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Confronting the Golden Age

Imitation and Innovation in Dutch Genre Painting 1680-1750

Junko Aono

234 pages
Amsterdam University Press
Is it possible to talk about Dutch art after 1680 outside the prevailing critical framework of the "age of decline"? Although an increasing number of studies are being published on the art and society of this period, genre painting of this era continues to be dismissed as an uninspired repetition of the art of the second and third quarters of the seventeenth century, known as the Dutch Golden Age.
In this stunningly illustrated study, Aono reconsiders the long-dismissed genre painting from 1680-1750. Grounded in close analysis of a range of paintings and primary sources, this study illuminates the main features of genre painting, highlighting the ways in which these elements related to the painters' close connections to, on the one hand, collectors, and on the other, to classicism, one of the dominant artistic styles of that time.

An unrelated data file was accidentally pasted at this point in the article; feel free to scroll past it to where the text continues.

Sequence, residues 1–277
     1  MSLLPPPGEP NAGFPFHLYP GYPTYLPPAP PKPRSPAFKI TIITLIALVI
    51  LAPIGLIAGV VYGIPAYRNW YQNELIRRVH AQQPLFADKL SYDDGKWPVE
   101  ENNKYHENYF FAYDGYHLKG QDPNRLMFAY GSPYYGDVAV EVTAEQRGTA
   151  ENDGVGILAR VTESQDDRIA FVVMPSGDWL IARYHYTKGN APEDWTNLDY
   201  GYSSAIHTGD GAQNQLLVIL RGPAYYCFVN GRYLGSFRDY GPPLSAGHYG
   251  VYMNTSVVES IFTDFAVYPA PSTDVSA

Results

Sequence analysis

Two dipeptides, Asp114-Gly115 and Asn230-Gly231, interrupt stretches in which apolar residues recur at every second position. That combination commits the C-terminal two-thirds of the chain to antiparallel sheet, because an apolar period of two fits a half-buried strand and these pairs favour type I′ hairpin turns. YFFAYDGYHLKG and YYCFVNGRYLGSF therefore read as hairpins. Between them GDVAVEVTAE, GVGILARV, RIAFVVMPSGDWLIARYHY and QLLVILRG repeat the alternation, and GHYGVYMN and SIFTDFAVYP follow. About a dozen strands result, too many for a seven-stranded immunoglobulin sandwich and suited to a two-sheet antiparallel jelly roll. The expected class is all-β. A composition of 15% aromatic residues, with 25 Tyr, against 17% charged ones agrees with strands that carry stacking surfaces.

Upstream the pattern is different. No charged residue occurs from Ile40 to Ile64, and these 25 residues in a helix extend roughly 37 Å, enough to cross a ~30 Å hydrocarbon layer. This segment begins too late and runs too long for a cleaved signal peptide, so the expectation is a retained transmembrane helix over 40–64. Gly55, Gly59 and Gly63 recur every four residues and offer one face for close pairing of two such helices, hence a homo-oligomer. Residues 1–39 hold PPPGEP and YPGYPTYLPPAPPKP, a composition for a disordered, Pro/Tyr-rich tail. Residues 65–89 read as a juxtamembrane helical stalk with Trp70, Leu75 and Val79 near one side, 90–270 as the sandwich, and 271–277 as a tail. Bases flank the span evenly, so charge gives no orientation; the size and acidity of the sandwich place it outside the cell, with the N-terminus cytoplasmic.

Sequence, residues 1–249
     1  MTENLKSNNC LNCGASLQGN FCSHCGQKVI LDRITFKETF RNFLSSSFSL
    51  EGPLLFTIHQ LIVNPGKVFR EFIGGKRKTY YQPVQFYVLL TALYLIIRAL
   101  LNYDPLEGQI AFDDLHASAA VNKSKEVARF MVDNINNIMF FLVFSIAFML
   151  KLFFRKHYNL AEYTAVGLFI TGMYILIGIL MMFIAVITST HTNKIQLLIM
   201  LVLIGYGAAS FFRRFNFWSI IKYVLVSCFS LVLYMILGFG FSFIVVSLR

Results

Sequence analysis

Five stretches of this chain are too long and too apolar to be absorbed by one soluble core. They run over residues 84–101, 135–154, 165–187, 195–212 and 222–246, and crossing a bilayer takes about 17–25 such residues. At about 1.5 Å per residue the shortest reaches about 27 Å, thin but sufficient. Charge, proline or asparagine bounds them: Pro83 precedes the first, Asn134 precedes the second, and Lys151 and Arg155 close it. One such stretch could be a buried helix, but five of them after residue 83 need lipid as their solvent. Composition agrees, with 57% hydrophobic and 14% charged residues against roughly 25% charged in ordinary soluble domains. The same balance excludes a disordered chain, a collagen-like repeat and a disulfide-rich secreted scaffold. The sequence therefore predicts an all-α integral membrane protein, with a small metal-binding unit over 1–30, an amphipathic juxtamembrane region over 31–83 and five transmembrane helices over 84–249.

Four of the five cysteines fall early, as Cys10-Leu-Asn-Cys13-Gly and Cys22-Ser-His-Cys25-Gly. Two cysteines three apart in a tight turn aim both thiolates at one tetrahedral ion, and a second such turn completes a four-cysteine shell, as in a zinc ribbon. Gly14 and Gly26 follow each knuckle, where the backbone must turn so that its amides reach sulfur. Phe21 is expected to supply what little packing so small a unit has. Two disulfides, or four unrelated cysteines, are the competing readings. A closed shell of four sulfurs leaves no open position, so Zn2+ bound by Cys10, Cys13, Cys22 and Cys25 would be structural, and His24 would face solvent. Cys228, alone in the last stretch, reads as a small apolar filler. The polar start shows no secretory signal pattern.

Three case studies, richly supplemented by a catalogue of 29 selected painters and their work, offer the first clear picture of the genre painting of the period while providing new insights into painters' activities, collectors' tastes and the contemporary art market.
Author Bio
Junko Aono is professor of Art History, at Meiji Gakuin Univeristy, Tokyo, Japan and received her PhD on Dutch genre painting 1680-1750 from the University of Amsterdam in 2011. Her publications include articles in major scientific magazines, such as Oud Holland and Simiolus, and contributions to exhibitions such as Milkmaid by Vermeer and Dutch Genre Painting (Tokyo, 2007) and Nicolaas Verkolje (Enschede, 2011).